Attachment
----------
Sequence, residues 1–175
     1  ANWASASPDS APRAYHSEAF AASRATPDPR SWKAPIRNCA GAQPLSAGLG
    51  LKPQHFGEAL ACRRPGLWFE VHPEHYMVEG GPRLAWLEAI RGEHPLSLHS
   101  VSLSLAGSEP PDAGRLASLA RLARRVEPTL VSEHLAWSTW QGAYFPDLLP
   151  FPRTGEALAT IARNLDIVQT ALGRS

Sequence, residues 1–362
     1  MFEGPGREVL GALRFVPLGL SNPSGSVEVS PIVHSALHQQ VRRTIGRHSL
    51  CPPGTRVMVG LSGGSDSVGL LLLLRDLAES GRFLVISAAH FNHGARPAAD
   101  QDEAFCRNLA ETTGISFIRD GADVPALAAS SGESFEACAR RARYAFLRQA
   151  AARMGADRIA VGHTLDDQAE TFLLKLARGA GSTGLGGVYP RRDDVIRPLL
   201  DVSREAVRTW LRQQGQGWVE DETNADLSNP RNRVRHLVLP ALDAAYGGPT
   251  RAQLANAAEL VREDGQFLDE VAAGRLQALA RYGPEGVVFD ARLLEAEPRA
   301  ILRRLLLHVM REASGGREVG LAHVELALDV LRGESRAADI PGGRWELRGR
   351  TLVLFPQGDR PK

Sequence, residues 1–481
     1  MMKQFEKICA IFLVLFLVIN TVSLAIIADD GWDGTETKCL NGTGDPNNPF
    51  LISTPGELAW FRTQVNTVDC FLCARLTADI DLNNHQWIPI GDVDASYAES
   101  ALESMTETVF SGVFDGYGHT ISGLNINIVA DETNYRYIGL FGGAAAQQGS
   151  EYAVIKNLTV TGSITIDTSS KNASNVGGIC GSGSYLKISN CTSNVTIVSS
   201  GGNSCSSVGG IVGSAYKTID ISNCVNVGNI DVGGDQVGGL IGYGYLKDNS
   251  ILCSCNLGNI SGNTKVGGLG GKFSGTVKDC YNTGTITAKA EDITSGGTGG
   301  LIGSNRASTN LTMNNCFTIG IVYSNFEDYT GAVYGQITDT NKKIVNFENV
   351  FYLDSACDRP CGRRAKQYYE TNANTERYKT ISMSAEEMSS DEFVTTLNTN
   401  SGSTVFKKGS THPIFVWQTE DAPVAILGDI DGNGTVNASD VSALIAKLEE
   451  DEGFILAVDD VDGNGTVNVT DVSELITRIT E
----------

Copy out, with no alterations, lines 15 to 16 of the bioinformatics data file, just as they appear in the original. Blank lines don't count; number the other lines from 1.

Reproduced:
Sequence, residues 1–481
     1  MMKQFEKICA IFLVLFLVIN TVSLAIIADD GWDGTETKCL NGTGDPNNPF